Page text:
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by Walter Pincus and Mike Allen
Monday, Jul. 14, 2003 at 5:14 PM
July 13 — CIA Director George J. Tenet successfully intervened with White House officials to have a reference to Iraq seeking uranium from Niger removed from a presidential speech last October, three months before a less specific reference to the same intelligence appeared in the State of the Union address, according to senior administration officials.
TENET ARGUED personally to White House officials, including deputy national security adviser Stephen Hadley, that the allegation should not be used because it came from only a single source, according to one senior official. Another senior official with knowledge of the intelligence said the CIA had doubts about the accuracy of the documents underlying the allegation, which months later turned out to be forged.
The new disclosure suggests how eager the White House was in January to make Iraq’s nuclear program a part of its case against Saddam Hussein even in the face of earlier objections by its own CIA director. It also appears to raise questions about the administration’s explanation of how the faulty allegations were included in the State of the Union speech.
It is unclear why Tenet failed to intervene in January to prevent the questionable intelligence from appearing in the president’s address to Congress when Tenet had intervened three months earlier in a much less symbolic speech. That failure may underlie his action Friday in taking responsibility for not stepping in again to question the reference. “I am responsible for the approval process in my agency,” he said in Friday’s statement.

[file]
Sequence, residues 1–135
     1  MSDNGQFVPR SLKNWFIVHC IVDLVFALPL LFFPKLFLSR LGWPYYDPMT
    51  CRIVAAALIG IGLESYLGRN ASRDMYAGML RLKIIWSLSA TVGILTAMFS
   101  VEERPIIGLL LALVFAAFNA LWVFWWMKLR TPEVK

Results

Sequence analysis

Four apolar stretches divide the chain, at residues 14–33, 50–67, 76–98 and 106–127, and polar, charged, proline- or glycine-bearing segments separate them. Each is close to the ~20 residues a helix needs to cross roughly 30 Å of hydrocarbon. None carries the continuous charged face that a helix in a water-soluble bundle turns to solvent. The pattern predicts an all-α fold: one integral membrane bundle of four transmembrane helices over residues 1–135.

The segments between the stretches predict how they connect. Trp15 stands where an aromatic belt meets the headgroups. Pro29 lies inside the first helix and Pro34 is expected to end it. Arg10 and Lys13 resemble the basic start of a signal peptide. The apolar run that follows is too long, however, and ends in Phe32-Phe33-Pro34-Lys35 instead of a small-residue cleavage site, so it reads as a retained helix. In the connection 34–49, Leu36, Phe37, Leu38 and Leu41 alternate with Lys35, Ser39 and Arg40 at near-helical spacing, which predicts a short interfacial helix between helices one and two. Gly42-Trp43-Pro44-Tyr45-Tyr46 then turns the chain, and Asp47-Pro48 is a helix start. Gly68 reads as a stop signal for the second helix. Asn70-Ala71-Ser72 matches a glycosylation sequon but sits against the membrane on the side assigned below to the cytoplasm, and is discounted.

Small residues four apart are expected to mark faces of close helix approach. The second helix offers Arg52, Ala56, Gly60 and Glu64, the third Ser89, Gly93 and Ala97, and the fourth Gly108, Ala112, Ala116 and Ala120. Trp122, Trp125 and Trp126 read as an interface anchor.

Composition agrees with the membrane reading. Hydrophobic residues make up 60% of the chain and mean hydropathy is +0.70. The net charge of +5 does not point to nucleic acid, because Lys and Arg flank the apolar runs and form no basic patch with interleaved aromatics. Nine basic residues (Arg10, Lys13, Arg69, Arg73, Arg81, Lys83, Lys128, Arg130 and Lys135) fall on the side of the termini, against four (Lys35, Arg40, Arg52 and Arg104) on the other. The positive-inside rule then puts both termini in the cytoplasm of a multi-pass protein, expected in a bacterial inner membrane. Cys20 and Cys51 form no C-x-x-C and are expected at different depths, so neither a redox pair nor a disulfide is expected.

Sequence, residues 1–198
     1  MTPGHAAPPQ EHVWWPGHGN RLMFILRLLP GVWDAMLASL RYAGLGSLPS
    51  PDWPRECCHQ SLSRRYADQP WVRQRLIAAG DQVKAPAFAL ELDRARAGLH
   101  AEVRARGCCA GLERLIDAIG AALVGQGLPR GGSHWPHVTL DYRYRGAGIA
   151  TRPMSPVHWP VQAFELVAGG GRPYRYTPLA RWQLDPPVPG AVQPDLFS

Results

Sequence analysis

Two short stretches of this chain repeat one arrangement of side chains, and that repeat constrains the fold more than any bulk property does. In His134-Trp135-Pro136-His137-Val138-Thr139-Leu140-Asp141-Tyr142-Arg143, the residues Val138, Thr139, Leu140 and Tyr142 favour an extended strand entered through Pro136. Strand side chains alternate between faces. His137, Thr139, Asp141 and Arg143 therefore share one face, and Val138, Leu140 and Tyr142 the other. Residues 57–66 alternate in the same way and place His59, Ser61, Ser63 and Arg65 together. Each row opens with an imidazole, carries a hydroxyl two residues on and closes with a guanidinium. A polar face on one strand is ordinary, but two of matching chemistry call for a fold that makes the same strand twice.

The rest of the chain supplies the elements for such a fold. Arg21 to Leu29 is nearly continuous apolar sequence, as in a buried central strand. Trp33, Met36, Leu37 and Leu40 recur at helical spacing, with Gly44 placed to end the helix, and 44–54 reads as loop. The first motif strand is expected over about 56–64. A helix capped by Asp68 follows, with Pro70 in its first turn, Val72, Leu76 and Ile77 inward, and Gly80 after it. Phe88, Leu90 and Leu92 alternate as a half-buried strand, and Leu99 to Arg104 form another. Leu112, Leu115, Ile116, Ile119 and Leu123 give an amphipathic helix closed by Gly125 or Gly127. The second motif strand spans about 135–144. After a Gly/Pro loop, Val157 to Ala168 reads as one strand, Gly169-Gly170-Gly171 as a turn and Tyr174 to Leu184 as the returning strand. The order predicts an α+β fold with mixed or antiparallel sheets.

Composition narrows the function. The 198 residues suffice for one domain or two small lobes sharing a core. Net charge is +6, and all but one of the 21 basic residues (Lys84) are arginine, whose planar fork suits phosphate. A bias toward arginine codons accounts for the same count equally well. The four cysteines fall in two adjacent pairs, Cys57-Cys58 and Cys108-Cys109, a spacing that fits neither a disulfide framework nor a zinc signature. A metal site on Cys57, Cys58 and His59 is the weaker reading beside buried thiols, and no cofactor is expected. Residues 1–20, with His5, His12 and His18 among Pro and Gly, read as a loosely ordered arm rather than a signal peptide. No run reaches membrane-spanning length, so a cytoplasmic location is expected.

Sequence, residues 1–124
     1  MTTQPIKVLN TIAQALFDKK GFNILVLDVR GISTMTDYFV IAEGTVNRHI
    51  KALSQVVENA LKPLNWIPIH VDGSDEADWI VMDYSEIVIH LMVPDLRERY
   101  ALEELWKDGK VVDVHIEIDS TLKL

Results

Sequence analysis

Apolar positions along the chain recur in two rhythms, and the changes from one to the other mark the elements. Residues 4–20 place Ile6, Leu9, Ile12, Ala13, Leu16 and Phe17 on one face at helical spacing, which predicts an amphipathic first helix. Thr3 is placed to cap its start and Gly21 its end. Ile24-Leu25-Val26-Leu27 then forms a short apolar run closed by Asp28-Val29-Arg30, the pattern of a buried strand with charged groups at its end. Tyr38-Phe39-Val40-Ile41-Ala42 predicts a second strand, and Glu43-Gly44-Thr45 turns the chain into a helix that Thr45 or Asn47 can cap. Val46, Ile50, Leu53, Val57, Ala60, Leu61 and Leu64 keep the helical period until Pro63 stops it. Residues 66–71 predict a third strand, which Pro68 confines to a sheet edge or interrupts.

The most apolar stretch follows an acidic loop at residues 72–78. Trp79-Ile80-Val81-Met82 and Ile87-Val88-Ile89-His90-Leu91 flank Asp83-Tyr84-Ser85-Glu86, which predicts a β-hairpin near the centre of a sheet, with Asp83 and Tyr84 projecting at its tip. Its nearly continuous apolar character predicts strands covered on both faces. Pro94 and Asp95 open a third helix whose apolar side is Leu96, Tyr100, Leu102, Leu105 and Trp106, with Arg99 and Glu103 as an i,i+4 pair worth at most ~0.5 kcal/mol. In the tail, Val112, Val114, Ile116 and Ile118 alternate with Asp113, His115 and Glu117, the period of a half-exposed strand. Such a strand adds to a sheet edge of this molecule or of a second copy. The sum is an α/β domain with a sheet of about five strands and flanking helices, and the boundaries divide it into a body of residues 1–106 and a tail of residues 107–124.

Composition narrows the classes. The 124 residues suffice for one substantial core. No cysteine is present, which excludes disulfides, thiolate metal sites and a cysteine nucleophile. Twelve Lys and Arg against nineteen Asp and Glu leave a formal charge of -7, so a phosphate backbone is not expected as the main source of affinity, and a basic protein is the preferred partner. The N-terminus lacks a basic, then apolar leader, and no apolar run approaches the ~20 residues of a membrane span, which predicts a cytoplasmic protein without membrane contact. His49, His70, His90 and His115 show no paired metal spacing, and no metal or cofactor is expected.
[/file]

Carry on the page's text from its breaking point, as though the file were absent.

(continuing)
As Bush left Africa yesterday to return to Washington from a five-day trip overshadowed by the intelligence blunder, he was asked whether he considered the matter over. “I do,” he replied. White House press secretary Ari Fleischer told reporters yesterday that “the president has moved on. And I think, frankly, much of the country has moved on, as well.”
But it is clear from the new disclosure about Tenet’s intervention last October that the controversy continues to boil, and as new facts emerge a different picture is being presented than the administration has given to date.
Details about the alleged attempt by Iraq to buy as much as 500 tons of uranium oxide were contained in a national intelligence estimate (NIE) that was concluded in late September 2002. It was that same reference that the White House wanted to use in Bush’s Oct. 7 speech that Tenet blocked, the sources said. That same intelligence report was the basis for the 16-word sentence about Iraq attempting to buy uranium in Africa that was contained in the January State of the Union address that has drawn recent attention.
Administration sources said White House officials, particularly those in the office of Vice President Cheney, insisted on including Hussein’s quest for a nuclear weapon as a prominent part of their public case for war in Iraq. Cheney had made the potential threat of Hussein having a nuclear weapon a central theme of his August 2002 speeches that began the public buildup toward war with Baghdad.
In the Oct. 7 Cincinnati speech, the president for the first time outlined in detail the threat Hussein posed to the United States on the eve of a congressional vote authorizing war. Bush talked in part about “evidence” indicating that Iraq was reconstituting its nuclear weapons program. The president listed Hussein’s “numerous meetings with Iraqi nuclear scientists,” satellite photographs showing former nuclear facilities were being rebuilt, and Iraq’s attempts to purchase high-strength aluminum tubes for use in enriching uranium for nuclear weapons.